The real benefit of social media monitoring for brands is that it allows you to be aware of and listen in to conversations that you might not have known were going on otherwise. People who express their frustration with your product but would never have told you, advocates telling others just how great you are, or people sharing useful feedback and product development ideas. It’s great to see all of these things and the temptation is to respond. But more often than not, the best thing a brand can do is to not respond.

Doing nothing is often the most difficult thing to do. But it is often the right thing to do. If you overheard two people ranting about your brand on a train you would be unlikely to interrupt. If you heard people talking in a cafe about great customer service they’d received from your team you would probably listen, feel proud and let them tell each other how great you are. There is no need to interrupt in these cases. A rant is probably just a rant and there is little you can do to change this. And people being positive are probably doing lots of good for you on their own without you needing to add anything. Whilst things are different in social media - notably that the comments can be seen by a much larger audience and that they are archived and searchable. But often the same rules apply.

If you have nothing to add, don’t say anything, and if you will only inflame a situation then stay out of it

Overall, brands should be careful about engaging online and have a clear process of when to respond, and when not to respond. There are two very clear cases where a brand should always step in:

  1. Where an actual customer service complaint is being expressed - you should step in to respond to this, pointing people in the direction of where they can get support or dealing with this complaint through your existing channels.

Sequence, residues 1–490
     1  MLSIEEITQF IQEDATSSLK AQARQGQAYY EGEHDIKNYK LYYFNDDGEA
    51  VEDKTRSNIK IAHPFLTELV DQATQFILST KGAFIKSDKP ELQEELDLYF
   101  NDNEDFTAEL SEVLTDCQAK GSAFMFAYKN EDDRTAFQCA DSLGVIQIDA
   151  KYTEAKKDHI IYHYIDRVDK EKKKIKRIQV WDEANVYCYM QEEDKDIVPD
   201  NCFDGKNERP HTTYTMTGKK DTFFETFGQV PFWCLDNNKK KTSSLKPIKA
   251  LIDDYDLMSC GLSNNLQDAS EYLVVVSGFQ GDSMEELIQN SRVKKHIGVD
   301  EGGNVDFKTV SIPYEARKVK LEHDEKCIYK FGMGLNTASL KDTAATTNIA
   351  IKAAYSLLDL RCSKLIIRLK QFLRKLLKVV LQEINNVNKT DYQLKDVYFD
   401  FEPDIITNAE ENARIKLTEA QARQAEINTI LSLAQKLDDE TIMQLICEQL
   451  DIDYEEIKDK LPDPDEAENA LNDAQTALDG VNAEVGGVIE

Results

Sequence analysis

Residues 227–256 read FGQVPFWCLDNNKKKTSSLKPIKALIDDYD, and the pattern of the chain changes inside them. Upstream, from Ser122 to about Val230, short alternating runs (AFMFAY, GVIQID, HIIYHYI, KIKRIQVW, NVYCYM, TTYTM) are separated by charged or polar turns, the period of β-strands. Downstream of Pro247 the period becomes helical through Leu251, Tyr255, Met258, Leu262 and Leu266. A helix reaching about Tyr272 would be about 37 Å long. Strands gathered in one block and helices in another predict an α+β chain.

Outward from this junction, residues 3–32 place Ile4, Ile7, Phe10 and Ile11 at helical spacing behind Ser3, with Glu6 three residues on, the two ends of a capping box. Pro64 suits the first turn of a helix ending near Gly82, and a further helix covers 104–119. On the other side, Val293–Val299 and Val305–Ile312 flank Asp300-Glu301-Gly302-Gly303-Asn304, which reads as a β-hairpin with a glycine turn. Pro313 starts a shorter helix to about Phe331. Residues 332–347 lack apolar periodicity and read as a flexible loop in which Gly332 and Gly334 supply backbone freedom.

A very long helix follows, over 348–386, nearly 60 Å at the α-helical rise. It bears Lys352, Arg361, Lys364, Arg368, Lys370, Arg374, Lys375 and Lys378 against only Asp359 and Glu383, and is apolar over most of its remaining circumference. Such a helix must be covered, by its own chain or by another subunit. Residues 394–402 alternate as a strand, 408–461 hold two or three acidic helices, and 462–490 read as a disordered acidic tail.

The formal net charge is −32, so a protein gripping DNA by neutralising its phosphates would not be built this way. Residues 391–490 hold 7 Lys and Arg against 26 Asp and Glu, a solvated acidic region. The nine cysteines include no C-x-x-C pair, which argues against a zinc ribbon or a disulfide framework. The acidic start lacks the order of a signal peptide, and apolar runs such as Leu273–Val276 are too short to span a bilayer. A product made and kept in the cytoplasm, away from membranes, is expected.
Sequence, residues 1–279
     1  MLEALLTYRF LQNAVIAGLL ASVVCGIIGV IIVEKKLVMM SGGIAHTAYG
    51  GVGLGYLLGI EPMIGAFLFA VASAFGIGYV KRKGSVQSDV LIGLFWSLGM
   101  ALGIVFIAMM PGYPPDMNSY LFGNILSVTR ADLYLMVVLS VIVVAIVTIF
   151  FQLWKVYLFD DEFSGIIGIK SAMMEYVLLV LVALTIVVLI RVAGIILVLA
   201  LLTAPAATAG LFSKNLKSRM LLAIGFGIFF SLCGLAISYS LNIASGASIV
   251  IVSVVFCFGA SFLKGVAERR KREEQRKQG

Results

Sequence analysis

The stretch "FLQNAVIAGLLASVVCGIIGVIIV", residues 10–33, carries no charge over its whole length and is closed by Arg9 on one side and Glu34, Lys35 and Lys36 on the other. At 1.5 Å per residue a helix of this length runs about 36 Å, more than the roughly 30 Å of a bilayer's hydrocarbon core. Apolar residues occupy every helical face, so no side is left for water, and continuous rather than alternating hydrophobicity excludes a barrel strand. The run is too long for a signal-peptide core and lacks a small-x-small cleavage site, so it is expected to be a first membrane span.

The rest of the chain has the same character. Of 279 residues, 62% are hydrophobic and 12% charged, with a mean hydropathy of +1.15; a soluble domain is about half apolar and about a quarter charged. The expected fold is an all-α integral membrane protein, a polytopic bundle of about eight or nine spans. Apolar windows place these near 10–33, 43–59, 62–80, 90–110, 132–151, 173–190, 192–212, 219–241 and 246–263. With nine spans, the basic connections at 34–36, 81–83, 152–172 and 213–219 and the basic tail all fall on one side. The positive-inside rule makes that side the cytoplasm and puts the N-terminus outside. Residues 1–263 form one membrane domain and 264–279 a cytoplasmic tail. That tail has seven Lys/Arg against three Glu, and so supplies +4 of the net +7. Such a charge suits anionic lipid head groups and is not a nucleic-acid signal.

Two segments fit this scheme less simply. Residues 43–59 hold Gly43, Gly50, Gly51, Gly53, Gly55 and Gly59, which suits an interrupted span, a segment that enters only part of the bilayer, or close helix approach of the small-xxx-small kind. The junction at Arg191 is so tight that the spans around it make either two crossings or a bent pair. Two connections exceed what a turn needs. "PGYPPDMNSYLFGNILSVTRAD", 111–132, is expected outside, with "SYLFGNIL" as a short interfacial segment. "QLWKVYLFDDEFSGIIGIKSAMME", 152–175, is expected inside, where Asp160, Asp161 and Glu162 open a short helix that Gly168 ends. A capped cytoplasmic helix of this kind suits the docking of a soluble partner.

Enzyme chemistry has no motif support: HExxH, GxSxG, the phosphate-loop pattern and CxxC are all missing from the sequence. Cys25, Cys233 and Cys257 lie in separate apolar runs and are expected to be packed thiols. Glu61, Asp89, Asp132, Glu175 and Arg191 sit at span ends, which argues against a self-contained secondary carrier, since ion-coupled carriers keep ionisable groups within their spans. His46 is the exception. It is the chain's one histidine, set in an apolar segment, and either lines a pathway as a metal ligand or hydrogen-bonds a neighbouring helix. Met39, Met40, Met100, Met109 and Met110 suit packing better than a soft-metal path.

2. Where incorrect things are being said about your brand, products or organisation - you should correct the incorrect messaging that is being spread and answer any questions

In all other instances you should be more circumspect about getting involved. You should have a simple process for reacting and responding online and use this to help guide you. But overall you should do nothing more than you do something. Monitor, report on and learn from everything people say about you online. But don’t feel the need to get involved in every conversation.

Five trends all marketers should watch in social media in 2011

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New year card 2011 (II)

Image by DailyPic via Flickr

Through December we’ve run an informal series on social media in 2011 - trends and developments that we are witnessing at FreshNetworks with our work with clients across Europe. Social media budgets are set to rise across Europe and they are not just in marketing or communications functions. The real shift that has started in 2010 and will develop and mature in 2011 is a move from social media marketing to social business. Recognising and capitalising on the fact that social media has impacts and benefits across a business and using social media strategically where it can have the biggest and most important impact.

The task in 2011 will be for brands to consider where social media can have the biggest impact across their business and how they will adapt and change to realise these benefits.

Here are five trends that we are seeing in social media marketing (and beyond) and that we expect to see more of in 2011.

1) Social media marketing budgets set to rise